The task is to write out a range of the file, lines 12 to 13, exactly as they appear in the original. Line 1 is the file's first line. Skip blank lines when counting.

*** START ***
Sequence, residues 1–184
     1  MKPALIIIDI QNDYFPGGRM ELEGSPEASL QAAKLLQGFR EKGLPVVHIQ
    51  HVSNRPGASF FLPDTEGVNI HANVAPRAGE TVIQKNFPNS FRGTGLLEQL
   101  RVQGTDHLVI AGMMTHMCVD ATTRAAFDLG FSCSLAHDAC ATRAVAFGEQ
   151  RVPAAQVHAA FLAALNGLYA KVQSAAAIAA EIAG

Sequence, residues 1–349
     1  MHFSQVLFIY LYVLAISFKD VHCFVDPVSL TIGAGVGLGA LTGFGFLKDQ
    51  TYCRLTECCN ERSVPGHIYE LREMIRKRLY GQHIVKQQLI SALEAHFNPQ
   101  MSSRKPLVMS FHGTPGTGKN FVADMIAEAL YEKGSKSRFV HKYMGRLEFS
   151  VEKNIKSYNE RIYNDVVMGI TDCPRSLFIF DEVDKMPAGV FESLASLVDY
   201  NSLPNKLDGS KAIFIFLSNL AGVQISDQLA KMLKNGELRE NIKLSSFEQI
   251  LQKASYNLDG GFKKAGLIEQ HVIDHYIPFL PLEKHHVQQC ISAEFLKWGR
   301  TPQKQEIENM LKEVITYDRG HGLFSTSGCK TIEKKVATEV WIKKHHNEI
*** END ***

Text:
   251  LQKASYNLDG GFKKAGLIEQ HVIDHYIPFL PLEKHHVQQC ISAEFLKWGR
   301  TPQKQEIENM LKEVITYDRG HGLFSTSGCK TIEKKVATEV WIKKHHNEI